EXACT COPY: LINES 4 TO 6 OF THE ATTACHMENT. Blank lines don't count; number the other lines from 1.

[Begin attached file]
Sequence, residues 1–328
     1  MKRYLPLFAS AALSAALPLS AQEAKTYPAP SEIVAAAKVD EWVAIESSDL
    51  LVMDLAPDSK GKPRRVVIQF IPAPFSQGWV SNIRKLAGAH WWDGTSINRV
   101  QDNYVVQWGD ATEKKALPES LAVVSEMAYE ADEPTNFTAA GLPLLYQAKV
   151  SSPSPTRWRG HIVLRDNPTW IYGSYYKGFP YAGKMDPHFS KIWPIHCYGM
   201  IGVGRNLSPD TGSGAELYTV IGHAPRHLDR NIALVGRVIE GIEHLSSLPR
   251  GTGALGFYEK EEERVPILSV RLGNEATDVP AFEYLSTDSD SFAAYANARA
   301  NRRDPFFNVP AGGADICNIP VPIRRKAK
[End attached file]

   101  QDNYVVQWGD ATEKKALPES LAVVSEMAYE ADEPTNFTAA GLPLLYQAKV
   151  SSPSPTRWRG HIVLRDNPTW IYGSYYKGFP YAGKMDPHFS KIWPIHCYGM
   201  IGVGRNLSPD TGSGAELYTV IGHAPRHLDR NIALVGRVIE GIEHLSSLPR